South Africa has put its rollout of the Oxford-AstraZeneca vaccine on hold after a study showed “disappointing” results against its new Covid variant.
Scientists say the variant accounts for 90% of latest Covid cases in South Africa .
The trial, involving some 2,000 people, found that the vaccine offered “minimal protection” against mild and moderate cases.
But experts are hopeful that the vaccine will still be effective at preventing severe cases.
South Africa has recorded quite 1.4 million coronavirus cases and 46,000 deaths since the pandemic began, consistent with data collated by Johns Hopkins University. The country has received a million doses of the Oxford-AstraZeneca jab and was thanks to start vaccinating people within the coming days.
South African Health Minister Zweli Mkhize said his government would await further advice on how best to proceed with the AstraZeneca vaccine in light of the findings.
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In the meantime, he said, the govt would offer vaccines produced by Johnson & Johnson and Pfizer within the coming weeks.
What does it mean for serious cases?
The trial was administered by researchers at the University of the Witwatersrand in South Africa and therefore the UK’s Oxford University , but has not yet been peer reviewed.
The trial’s chief investigator, Prof Shabir Madhi, said it showed that “unfortunately, the AstraZeneca vaccine doesn’t work against mild and moderate illness”.
Prof Madhi said the study had not been ready to investigate the vaccine’s efficacy in preventing more serious infections, as participants had a mean age of 31 then didn’t represent the demographic most in danger of severe symptoms from the virus.
The vaccine’s similarity to at least one produced by Johnson & Johnson, which was found during a recent study to be highly effective at preventing severe disease in South Africa , suggested it might still prevent serious illness, consistent with Prof Madhi.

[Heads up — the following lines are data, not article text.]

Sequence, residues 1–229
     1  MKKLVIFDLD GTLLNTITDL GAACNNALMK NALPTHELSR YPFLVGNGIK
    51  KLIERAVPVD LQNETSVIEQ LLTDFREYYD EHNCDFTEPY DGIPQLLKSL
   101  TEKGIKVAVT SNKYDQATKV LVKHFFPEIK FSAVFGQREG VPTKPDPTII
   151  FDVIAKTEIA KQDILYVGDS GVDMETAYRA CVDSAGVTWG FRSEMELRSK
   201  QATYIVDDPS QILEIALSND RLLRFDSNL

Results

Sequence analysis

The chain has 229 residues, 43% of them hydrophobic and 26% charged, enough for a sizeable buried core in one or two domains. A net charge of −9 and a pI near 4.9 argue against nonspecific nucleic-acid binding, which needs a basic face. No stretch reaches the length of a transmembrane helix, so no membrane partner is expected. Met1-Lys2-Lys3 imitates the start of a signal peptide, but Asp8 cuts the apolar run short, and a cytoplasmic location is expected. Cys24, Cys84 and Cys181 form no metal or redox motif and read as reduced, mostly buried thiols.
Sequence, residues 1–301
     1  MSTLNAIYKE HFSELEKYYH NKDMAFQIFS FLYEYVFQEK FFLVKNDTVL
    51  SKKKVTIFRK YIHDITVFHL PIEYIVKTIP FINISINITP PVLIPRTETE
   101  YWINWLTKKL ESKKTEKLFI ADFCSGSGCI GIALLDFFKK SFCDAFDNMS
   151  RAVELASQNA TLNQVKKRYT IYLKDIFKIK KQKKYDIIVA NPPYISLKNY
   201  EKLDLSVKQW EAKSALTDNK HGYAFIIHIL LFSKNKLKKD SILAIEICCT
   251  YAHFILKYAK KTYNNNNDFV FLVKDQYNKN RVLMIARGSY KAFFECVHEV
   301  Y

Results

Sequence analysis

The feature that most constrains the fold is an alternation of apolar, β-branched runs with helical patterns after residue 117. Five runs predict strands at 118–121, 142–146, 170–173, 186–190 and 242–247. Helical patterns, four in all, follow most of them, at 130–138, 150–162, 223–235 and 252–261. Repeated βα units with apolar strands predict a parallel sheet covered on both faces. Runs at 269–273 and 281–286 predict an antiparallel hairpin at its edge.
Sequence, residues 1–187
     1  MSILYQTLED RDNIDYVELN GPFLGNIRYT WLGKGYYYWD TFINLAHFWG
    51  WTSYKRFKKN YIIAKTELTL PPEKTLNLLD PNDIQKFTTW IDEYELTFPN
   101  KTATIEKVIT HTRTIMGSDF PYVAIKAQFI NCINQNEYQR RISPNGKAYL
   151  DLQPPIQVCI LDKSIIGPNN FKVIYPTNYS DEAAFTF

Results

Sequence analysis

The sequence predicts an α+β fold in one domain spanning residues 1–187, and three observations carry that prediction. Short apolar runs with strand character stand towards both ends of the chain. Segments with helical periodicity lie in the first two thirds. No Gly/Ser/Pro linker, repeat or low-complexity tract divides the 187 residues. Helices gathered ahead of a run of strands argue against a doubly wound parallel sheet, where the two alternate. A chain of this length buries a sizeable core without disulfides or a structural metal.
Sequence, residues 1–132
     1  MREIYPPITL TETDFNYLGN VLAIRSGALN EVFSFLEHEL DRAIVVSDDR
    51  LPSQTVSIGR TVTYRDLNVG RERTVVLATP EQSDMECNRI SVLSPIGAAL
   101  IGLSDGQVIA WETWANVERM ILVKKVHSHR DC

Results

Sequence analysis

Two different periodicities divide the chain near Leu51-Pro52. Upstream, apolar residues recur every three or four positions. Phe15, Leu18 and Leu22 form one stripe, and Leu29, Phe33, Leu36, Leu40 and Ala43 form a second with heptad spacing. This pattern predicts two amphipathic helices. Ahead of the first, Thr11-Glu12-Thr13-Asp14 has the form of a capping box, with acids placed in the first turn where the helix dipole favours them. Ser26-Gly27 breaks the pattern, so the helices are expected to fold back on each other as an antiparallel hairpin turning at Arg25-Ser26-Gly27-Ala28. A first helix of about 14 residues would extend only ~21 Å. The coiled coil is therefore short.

“There’s still some hope that the AstraZeneca vaccine might well perform also because the Johnson & Johnson vaccine during a different age bracket demographic that I address of severe disease,” he told the press.
Other experts were also hopeful that the vaccine remained effective at combating more serious cases.
“What we’re seeing from other vaccine developers is that they need a discount in efficacy against a number of the variant viruses and what that’s looking like is that we might not be reducing the entire number of cases, but there’s still protection therein case against deaths, hospitalisations and severe disease,” Prof Sarah Gilbert, Oxford’s lead vaccine developer, told the Andrew Marr Show on Sunday.
She said developers were likely to possess a modified version of the injection against the South Africa variant, also referred to as 501.V2 or B.1.351, later this year.
Ministers within the UK have sought to reassure the general public over the effectiveness of the Oxford-AstraZeneca vaccine. Vaccines Minister Nadhim Zahawi said the injection seemed to work well against dominant variants within the UK, while Health Minister Edward Argar said there was “no evidence” the vaccine wasn’t effective at preventing severe illness.
We should be careful about rushing to judgement
Viruses mutate – so what is happening is not surprising.
The mutations seen in South Africa change the part of the virus that the vaccines target. It means all the vaccines that have been produced so far are likely to be affected in some way.
Trials for Novavax and Janssen vaccines that were carried out in South Africa showed less effectiveness against this variant. Both are currently before the UK regulator.
Therefore the news about Oxford-AstraZeneca does not come out of the blue.
The fact it now only has “minimal” effect according to reports is concerning – the other vaccines showed effectiveness in the region of 60% against the South African variant.
But we should be careful about rushing to judgement. The study was small so there is only limited confidence in the findings.
What is more, there is still hope the vaccine will prevent serious illness and hospitalisation.
What this once again illustrates is the pandemic is not going to end with one Big Bang. Vaccines are likely to have to change to keep pace with the virus.
Progress will be incremental. But vaccines are still the way out of this.
What do we know about the variant?
The South Africa variant carries a mutation that appears to make it more contagious or easy to spread.
However, there is no evidence that it causes more serious illness for the vast majority of people who become infected. As with the original version, the risk is highest for people who are elderly or have significant underlying health conditions.
At least 20 other countries including Austria, Norway and Japan, have found cases of the variant.